How may noisy reception originating in the automatic motor driven tuning unit be eliminated?

The great multiplicity of parts necessarily associated with the tuning device is located immediately within the electric field surrounding the receiver; and as the mechanical connections loosen with usage, microphonic contacts are formed which cause noise.

A loud signal may be sufficient to induce a rasping accom-paniment, as well as from any slight movement of the receiver, as might be caused by steps across the floor. In aggravated cases, a hissing scratch, akin to static, will be present at all times.

This difficulty can be removed by bonding—making a good electrical connection between the chassis of the receiver and the floating parts. Fasten a short length of flexible wire securely under some convenient nut or bolt on the chassis, and touch the free end to various portions of the framework supporting the timing mechanism, at the same time endeavoring to produce the sound by tapping the receiver.

If the rectifier tube of a receiver has become defective and trouble still exists after changing the tube, what may be the cause?

A defective electrolytic condenser. The heat, especially in midget type receivers where space is limited and ventilation poor, causes a drying up of the condensers and thereby a lowering of capacity. Voltage measurement of the output of the rectifier tube may show a decreased output, and hence point to condenser trouble.

If tubes do not light in a series wired receiver, what may be the cause?

A burned out tube or a loose connection. In a series circuit an open circuit will affect all tubes. In either case the remedy is obvious.

What important precautions should be observed when replacing parts in a radio receiver?

It is of extreme importance that they be of the identical types or of the same characteristics throughout, as the parts removed. If components of different values be inserted, they may upset the values of the circuits or cause trouble in other ways. A list of replacement parts for various receivers is usually furnished by the manufacturers of the various sets, and it is these parts that should be used for replacement, to prevent continuation and even exaggeration of the trouble.

What are the two general classes of resistors used in radio receivers, and where are they used?

The two types are classified as the wire-wound and the carbon type. Wire wound resistors generally are used where a comparatively large current is required to flow, such as in voltage dividers, and as power tube grid biasing resistors, etc. whereas the carbon resistor is utilized for small currents, i.e. the carbon resistor as a rule has a high resistance, and will usually handle power requirements up to 1 watt. The resistance value of a carbon resistor may be identified by means of special coloir code markings (see page 182) and the resistance of wire wound resistors are usually plainly marked or tagged on it.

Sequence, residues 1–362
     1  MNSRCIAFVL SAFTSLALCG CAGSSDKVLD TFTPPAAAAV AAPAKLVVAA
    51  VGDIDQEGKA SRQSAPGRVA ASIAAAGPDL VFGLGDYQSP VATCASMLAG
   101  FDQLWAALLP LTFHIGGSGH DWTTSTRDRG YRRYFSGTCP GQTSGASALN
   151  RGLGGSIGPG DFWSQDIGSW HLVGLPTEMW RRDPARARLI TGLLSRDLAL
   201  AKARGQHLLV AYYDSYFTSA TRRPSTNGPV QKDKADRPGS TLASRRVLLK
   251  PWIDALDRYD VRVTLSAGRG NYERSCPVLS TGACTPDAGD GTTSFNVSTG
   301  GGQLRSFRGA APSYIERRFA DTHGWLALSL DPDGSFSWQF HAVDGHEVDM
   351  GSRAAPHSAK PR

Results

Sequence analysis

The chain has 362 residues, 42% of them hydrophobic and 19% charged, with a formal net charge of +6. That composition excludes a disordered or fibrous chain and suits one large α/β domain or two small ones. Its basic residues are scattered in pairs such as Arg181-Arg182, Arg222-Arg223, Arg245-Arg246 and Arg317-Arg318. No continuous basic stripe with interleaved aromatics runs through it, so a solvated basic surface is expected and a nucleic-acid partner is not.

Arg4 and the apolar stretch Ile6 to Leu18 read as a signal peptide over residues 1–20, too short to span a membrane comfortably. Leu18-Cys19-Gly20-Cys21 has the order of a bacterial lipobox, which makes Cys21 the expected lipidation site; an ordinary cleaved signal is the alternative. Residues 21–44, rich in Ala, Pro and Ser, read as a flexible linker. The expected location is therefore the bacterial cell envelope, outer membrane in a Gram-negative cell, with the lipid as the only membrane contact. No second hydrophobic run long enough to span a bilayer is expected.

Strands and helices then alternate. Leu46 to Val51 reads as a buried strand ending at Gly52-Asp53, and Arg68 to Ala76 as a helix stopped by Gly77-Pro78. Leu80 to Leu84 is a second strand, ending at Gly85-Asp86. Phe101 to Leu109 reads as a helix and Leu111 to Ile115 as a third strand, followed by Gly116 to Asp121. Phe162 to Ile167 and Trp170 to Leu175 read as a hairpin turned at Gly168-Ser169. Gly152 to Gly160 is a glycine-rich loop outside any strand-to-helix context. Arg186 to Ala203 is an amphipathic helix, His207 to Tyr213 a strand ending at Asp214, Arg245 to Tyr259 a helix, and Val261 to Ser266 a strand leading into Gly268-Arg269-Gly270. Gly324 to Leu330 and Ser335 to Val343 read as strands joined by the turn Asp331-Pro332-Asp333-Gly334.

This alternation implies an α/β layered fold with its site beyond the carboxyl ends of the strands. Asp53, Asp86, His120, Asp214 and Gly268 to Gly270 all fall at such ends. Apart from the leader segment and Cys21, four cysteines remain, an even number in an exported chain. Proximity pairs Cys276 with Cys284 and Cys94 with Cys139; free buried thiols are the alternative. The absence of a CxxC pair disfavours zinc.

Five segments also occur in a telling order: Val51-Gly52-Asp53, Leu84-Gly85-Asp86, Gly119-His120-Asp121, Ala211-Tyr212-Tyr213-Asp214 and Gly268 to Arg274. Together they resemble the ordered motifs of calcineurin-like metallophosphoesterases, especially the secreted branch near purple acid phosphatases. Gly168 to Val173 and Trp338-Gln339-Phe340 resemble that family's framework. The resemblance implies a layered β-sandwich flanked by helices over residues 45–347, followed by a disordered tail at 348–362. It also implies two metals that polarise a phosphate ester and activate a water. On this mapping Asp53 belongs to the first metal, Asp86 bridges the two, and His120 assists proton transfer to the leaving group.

Is it well to change or remove part of the wiring to eliminate trouble in a radio receiver?

Only where substitution of wires is absolutely necessary, but the circuit should not be changed. It is evident that if the circuit was incorrect the receiver would never have functioned in the first place. It may generally be assumed that before a receiver leaves the manufacturers test room, the circuit as well as its components are correct. Hence, servicemen should not change circuits on the assumption that they are wrong after the set has been*operating properly for some time, but should seek to find the trouble that has occurred and rectify it.

How many short wave coils be assembled so as to cover a range of short waves as well as medium waves?

In order to be able to successfully cope with a problem of this sort, the following precaution should be taken: The several coil sections must be reasonably separated from each other, a minimum spacing of one-half in. is recommended. Opinion is divided as to whether to short out the unused sections or to use a change over, but actually neither method is satisfactory by itself. The main difficulty arises from absorption of any particular waveband from the coil serving the band immediately above it.

Thus in fig. 15 (a) consider the circuit switched from the reception on coils C and D in series, while coils A and B are shorted out. Absorption will be found however, at the wavelength corresponding to coil B, tuned with its own self capacity since it is actually not short-circuited.

As a rule when it happens to fall within the band covered by coil C a dead spot will result. In (b) is shown an arrangement with a change over switch and it will be clear that this trouble is still present—in fact in an aggravated form. The remedies are to arrange the sections of the coil so that they do not couple to one another, which is not always convenient, or else to arrange to short out the section immediately next to the coil in use, in conjunction with a normal shorting or change over scheme.

Figs, (c) and (d), illustrated the methods likely to be most suitable when critical reaction is being employed.

dium waves.